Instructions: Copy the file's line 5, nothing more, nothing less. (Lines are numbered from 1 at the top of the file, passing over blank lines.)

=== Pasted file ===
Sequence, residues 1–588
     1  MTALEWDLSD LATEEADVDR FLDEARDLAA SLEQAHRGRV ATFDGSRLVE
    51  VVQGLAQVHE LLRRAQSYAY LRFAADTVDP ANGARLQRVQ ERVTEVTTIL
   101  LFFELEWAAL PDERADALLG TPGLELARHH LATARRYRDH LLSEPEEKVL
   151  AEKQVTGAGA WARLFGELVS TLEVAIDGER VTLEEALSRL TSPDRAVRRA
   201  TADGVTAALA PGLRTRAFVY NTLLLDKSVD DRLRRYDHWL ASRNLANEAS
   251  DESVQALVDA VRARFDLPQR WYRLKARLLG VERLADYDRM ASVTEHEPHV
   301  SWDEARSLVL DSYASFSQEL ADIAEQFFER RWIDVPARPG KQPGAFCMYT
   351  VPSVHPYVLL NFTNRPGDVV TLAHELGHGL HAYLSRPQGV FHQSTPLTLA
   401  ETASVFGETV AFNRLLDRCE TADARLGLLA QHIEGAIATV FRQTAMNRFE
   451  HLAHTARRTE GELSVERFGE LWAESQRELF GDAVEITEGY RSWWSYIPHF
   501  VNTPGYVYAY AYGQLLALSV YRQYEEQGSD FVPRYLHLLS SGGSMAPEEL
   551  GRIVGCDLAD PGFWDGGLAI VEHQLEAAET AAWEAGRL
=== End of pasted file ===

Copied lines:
   151  AEKQVTGAGA WARLFGELVS TLEVAIDGER VTLEEALSRL TSPDRAVRRA